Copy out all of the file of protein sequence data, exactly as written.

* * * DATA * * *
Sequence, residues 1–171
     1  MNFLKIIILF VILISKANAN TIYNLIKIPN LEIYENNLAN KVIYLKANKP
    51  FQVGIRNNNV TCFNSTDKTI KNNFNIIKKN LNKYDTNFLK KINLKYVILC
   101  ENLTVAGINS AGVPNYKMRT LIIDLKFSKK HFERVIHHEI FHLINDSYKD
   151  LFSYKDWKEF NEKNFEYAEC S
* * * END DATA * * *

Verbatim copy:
Sequence, residues 1–171
     1  MNFLKIIILF VILISKANAN TIYNLIKIPN LEIYENNLAN KVIYLKANKP
    51  FQVGIRNNNV TCFNSTDKTI KNNFNIIKKN LNKYDTNFLK KINLKYVILC
   101  ENLTVAGINS AGVPNYKMRT LIIDLKFSKK HFERVIHHEI FHLINDSYKD
   151  LFSYKDWKEF NEKNFEYAEC S